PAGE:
InterPro : IPR019926

Name  Ribosomal protein L3, conserved site Short Name  Ribosomal_L3_CS
Type  Conserved_site Description  Ribosomes are the particles that catalyse mRNA-directed protein synthesis in all organisms. The codons of the mRNA are exposed on the ribosome to allow tRNA binding. This leads to the incorporation of amino acids into the growing polypeptide chain in accordance with the genetic information. Incoming amino acid monomers enter the ribosomal A site in the form of aminoacyl-tRNAs complexed with elongation factor Tu (EF-Tu) and GTP. The growing polypeptide chain, situated in the P site as peptidyl-tRNA, is then transferred to aminoacyl-tRNA and the new peptidyl-tRNA, extended by one residue, is translocated to the P site with the aid the elongation factor G (EF-G) and GTP as the deacylated tRNA is released from the ribosome through one or more exit sites [, ]. About 2/3 of the mass of the ribosome consists of RNA and 1/3 of protein. The proteins are named in accordance with the subunit of the ribosome which they belong to - the small (S1 to S31) and the large (L1 to L44). Usually they decorate the rRNA cores of the subunits. Many ribosomal proteins, particularly those of the large subunit, are composed of a globular, surfaced-exposed domain with long finger-like projections that extend into the rRNA core to stabilise its structure. Most of the proteins interact with multiple RNA elements, often from different domains. In the large subunit, about 1/3 of the 23S rRNA nucleotides are at least in van der Waal's contact with protein, and L22 interacts with all six domains of the 23S rRNA. Proteins S4 and S7, which initiate assembly of the 16S rRNA, are located at junctions of five and four RNA helices, respectively. In this way proteins serve to organise and stabilise the rRNA tertiary structure. While the crucial activities of decoding and peptide transfer are RNA based, proteins play an active role in functions that may have evolved to streamline the process of protein synthesis. In addition to their function in the ribosome, many ribosomal proteins have some function 'outside' the ribosome [, ].Ribosomal protein L3 is one of the proteins from the large ribosomal subunit. In Escherichia coli, L3 is known tobind to the 23S rRNA and may participate in the formation of the peptidyltransferase centre of the ribosome. Itbelongs to a family of ribosomal proteins which, on the basis of sequence similarities includes bacterial, red algal, cyanelle, mammalian, yeast and Arabidopsis thalianaL3 proteins; archaeal Haloarcula marismortuiHmaL3 (HL1), and yeast mitochondrial YmL9 [, , ].This entry represents a short conserved region located in the central section of ribosomal L3 proteins.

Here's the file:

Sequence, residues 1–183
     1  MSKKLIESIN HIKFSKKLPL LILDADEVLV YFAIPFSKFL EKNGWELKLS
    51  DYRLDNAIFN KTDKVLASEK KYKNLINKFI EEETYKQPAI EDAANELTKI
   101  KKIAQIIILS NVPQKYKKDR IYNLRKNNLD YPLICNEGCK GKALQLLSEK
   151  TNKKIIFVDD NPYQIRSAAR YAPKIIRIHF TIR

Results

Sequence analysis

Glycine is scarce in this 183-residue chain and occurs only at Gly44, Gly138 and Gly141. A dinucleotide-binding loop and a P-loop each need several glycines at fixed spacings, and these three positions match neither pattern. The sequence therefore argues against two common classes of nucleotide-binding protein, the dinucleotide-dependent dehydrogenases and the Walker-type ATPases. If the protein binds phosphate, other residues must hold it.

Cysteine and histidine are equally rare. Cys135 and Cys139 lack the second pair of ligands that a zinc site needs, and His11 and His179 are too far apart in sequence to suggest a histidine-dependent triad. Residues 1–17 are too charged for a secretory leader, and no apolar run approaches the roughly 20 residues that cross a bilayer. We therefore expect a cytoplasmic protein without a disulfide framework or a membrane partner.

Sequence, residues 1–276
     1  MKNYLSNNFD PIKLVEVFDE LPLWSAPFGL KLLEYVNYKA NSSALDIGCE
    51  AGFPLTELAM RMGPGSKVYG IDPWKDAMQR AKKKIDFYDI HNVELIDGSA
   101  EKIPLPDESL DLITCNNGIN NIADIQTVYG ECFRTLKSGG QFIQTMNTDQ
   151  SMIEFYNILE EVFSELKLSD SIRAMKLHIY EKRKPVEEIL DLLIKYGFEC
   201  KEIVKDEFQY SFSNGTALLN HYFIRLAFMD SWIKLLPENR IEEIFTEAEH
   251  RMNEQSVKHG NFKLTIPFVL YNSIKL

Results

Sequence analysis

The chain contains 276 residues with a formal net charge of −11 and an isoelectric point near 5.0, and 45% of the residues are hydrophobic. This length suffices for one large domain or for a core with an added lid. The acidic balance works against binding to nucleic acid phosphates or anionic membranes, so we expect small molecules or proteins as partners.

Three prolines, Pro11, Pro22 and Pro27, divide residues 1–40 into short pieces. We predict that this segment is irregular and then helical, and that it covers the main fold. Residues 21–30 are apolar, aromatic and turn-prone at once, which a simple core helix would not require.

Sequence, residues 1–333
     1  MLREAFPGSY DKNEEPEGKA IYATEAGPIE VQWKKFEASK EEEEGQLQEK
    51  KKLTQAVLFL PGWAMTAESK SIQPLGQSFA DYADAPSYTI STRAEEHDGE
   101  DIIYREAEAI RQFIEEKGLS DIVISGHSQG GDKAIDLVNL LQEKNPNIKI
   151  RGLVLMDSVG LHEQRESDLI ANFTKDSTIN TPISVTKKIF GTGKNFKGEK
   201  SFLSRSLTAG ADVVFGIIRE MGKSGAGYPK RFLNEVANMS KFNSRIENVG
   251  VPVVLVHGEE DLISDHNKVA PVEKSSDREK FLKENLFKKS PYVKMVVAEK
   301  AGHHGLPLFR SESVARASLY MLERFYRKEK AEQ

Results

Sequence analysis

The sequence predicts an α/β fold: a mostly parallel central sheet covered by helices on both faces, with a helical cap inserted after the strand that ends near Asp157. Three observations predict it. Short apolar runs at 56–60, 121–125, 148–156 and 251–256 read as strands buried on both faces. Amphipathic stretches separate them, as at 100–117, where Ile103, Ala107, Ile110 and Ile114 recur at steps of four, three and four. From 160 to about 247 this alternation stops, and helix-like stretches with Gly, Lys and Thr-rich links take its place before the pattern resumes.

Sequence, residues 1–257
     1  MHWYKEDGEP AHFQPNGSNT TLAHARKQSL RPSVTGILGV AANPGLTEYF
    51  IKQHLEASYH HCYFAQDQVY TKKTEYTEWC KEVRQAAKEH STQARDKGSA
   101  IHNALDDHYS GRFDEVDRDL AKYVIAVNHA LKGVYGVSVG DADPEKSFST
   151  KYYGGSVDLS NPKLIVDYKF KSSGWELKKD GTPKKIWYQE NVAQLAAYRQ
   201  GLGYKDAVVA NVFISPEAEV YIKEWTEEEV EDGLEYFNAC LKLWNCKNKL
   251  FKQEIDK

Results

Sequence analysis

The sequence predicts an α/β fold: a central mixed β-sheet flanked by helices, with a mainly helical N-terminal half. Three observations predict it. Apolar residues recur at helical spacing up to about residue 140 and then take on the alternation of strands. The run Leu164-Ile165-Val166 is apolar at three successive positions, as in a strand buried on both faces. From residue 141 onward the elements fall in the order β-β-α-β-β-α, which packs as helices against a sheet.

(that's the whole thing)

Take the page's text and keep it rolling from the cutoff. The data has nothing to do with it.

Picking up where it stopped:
Sequence Features

GO Displayer


InterPro protein domain ID --> Contigs



0 Child Features

0 Contains

4 Found In

Id Name Short Name Type
IPR009000 Translation protein, beta-barrel domain Transl_B-barrel Domain
IPR000597 Ribosomal protein L3 Ribosomal_L3 Family
IPR019927 Ribosomal protein L3, bacterial/organelle-type Ribosomal_L3_bac/org-type Family
IPR019928 Ribosomal protein L3, archaeal Ribosomal_L3_arc Family

0 Parent Features

6 Publications

First Author Title Year Journal Volume Pages
Ramakrishnan V Atomic structures at last: the ribosome in 2000. 2001 Curr Opin Struct Biol 11 144-54
Maguire BA The ribosome in focus. 2001 Cell 104 813-6
Chandra Sanyal S The end of the beginning: structural studies of ribosomal proteins. 2000 Curr Opin Struct Biol 10 633-6
Graack HR YmL9, a nucleus-encoded mitochondrial ribosomal protein of yeast, is homologous to L3 ribosomal proteins from all natural kingdoms and photosynthetic organelles. 1992 Eur J Biochem 206 373-80
Herwig S Primary structures of ribosomal proteins L3 and L4 from Bacillus stearothermophilus. 1992 Eur J Biochem 207 877-85
Arndt E Organization and nucleotide sequence of a gene cluster coding for eight ribosomal proteins in the archaebacterium Halobacterium marismortui. 1990 J Biol Chem 265 3034-9

To cite PlanMine, please refer to the following publication:

Rozanski, A., Moon, H., Brandl, H., Martín-Durán, J. M., Grohme, M., Hüttner, K., Bartscherer, K., Henry, I., & Rink, J. C.
PlanMine 3.0—improvements to a mineable resource of flatworm biology and biodiversity
Nucleic Acids Research, gky1070. doi:10.1093/nar/gky1070 (2018)